Communion Reflection

“Communion Year this year isn’t it?” “Yes, not til May though, it’s ages away”

Date announced, bouncy castle booked, save the date texts sent.

Communion Meetings since before Christmas. The Do This In Memory Programme. Masses. Candles.

“Are you all set for the Communion?”  “Sure it’s months yet”

The outfit bought spontaneously in a shopping centre after a Zoo trip and hung safely in the wardrobe.

Showing my mother and realising that the colours didn’t quite work. Online ordering a replacement trousers that thankfully did.

Panic 6 weeks later when he seemed to have grown, relief when the replacement trousers were still long enough.

First Penance on a Friday night in Lent, two family members having to leave the church, both due to the overtiredness of the smaller one.

The realisation that footwear would be required and poring over ipad images to get the right balance of acceptably cool and appropriate.

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A Saturday evening mass.

“Are you all set for the Communion?” “Sure there’s weeks yet”

Outfit planning for the rest of the family. Pink satin and a check shirt.

Chats with the other “Communion mammies” as the weeks closed in. Eating out or staying in, blowdry? Tan? Tie or Dickie Bow?

News that our boy would be singing a solo as part of the responsorial psalm.

Listening to the same verse over and over, his practice making it perfect.

Food ordered. Paper plates bought.

“Are you all set for the Communion?”

“Sure there’s a week yet, it’ll be grand”

More singing. Paper cups bought. Prayer book, rosette.

Tights. Haircuts for all.

Baking, cooking, mopping floors. Listening to singing and promising not to sing in the church.

He was ready. We were ready. I thought I was ready.

Morning of all up early for fear of being late.

Hair spiked to perfection.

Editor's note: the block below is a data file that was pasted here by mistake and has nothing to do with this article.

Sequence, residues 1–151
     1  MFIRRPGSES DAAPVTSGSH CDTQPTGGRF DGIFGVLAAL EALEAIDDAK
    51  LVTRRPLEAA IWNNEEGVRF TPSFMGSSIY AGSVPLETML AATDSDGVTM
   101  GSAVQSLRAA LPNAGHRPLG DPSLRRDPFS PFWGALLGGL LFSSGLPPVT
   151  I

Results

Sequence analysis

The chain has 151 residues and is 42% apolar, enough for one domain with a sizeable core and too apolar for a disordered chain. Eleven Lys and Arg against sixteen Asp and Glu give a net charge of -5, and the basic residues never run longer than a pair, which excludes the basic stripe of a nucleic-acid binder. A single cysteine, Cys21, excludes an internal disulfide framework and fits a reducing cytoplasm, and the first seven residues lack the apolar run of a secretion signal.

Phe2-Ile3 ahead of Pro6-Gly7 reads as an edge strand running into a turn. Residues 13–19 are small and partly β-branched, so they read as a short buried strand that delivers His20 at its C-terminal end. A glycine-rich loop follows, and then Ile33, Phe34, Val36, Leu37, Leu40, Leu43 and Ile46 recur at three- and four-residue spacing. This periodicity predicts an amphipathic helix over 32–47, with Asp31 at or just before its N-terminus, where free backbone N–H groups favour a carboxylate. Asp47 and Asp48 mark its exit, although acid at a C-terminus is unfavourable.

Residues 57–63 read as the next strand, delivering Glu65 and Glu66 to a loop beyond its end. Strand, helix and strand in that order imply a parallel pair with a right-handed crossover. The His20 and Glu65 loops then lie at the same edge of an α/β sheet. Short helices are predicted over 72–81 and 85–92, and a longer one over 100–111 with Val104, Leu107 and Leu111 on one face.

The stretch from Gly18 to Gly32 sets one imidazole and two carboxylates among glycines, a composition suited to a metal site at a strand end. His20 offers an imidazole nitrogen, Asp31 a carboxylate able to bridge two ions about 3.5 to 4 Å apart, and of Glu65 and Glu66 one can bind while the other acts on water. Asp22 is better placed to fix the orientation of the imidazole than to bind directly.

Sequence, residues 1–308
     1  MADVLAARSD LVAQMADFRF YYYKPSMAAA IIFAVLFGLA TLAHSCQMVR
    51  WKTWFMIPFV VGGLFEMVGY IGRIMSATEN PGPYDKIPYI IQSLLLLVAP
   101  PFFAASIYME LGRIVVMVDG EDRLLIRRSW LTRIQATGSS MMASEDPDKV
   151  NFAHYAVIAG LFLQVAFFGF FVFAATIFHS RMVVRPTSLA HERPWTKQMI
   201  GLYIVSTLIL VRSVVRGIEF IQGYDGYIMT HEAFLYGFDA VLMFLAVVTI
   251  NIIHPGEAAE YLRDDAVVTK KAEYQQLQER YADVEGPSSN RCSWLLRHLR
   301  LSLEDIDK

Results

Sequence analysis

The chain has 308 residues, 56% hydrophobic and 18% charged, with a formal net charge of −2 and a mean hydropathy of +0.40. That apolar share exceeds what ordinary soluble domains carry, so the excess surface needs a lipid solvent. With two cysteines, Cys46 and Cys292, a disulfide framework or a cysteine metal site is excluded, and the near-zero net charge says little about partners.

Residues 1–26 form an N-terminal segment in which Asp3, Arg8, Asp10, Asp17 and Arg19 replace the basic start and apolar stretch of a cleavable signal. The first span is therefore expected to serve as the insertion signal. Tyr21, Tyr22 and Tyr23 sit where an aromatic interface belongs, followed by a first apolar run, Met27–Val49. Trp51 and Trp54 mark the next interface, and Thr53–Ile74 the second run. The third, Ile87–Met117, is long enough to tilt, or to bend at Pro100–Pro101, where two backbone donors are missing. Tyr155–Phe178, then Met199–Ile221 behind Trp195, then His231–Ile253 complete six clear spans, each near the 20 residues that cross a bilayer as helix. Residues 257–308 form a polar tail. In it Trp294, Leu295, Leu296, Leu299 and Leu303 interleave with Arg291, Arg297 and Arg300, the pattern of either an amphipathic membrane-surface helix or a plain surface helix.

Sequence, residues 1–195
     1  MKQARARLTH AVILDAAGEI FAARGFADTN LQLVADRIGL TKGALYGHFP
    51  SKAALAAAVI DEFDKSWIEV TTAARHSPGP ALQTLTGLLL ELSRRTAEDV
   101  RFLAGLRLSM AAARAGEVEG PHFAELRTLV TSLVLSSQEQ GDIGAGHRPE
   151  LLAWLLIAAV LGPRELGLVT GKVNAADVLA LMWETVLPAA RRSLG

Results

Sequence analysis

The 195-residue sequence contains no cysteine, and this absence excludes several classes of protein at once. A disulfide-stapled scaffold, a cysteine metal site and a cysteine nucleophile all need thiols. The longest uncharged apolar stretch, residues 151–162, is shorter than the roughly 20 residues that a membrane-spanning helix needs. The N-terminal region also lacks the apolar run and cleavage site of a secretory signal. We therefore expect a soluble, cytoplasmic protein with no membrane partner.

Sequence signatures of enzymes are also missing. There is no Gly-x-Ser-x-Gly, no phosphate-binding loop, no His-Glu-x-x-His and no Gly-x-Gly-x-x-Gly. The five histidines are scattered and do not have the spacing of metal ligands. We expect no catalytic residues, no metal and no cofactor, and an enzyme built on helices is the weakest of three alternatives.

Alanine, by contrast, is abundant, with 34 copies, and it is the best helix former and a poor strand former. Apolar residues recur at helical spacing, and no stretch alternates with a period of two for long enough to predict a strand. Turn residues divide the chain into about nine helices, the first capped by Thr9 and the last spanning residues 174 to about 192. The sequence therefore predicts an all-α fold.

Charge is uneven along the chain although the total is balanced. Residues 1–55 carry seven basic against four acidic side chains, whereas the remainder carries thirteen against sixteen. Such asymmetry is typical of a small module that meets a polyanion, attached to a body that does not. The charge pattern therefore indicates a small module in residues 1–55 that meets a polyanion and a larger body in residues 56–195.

Smiles for photos. Excitement greeting grandparents.

“I just need to see my friends”

Wave to the webcam, helloes for the friends.

Seas of white satin, navy blazers, colourful ties, tiaras and gloves.

The choir of children sing, the priest’s warm welcome.

Slowly and carefully they walked in pairs to the altar, I noticed that ours was the only child not carrying his cue card.

“Sure I know it off Mam”.

Silent prayers that there would be no stagefright.

First Reading. The musicians start. A quick consultation with teacher, mic adjusted and his mouth opens to sing. Confident, his voice echoes through the church, notes that I would never reach.


I feel something wet on my cheek and rummage for a tissue.

Pride. Love. Joy. All the good emotions.

His verses sung he hands the baton to the next singer with a look of relief and accomplishment.

We could relax now.

The children gather on the altar. Almost 60 7 and 8 year olds swish past up the aisle.

They say their prayers in unison. The sight of them, the number of them, their youth, the community of them, it all stirred something.

It felt so special. I wasn’t ready for that.

My too-cool-for-school streetwise eight year old’s innocence came back for an hour or so.

My emotions were high, my spirit touched.

The one thing I hadn’t prepared for.

Maybe the fact that it caught me by surprise made it all the more special.






  1. Sounds so lovely. Great that after all the planning and the lead up that it was a really special day for all of you.

  2. lifeonhushabyefarm

    I love this! That feeling of being part of a community is what I remember enjoying most. It sounds like such a lovely proud day.

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